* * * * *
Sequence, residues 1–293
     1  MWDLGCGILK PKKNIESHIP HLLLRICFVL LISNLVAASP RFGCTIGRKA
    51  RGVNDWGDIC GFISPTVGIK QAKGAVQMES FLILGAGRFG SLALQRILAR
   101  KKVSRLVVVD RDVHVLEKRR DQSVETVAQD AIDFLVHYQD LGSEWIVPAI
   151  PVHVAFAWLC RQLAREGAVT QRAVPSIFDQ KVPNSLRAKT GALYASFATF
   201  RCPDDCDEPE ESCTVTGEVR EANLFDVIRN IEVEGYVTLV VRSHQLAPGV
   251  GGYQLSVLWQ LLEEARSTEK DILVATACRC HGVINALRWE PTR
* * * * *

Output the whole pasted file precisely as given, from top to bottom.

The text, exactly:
Sequence, residues 1–293
     1  MWDLGCGILK PKKNIESHIP HLLLRICFVL LISNLVAASP RFGCTIGRKA
    51  RGVNDWGDIC GFISPTVGIK QAKGAVQMES FLILGAGRFG SLALQRILAR
   101  KKVSRLVVVD RDVHVLEKRR DQSVETVAQD AIDFLVHYQD LGSEWIVPAI
   151  PVHVAFAWLC RQLAREGAVT QRAVPSIFDQ KVPNSLRAKT GALYASFATF
   201  RCPDDCDEPE ESCTVTGEVR EANLFDVIRN IEVEGYVTLV VRSHQLAPGV
   251  GGYQLSVLWQ LLEEARSTEK DILVATACRC HGVINALRWE PTR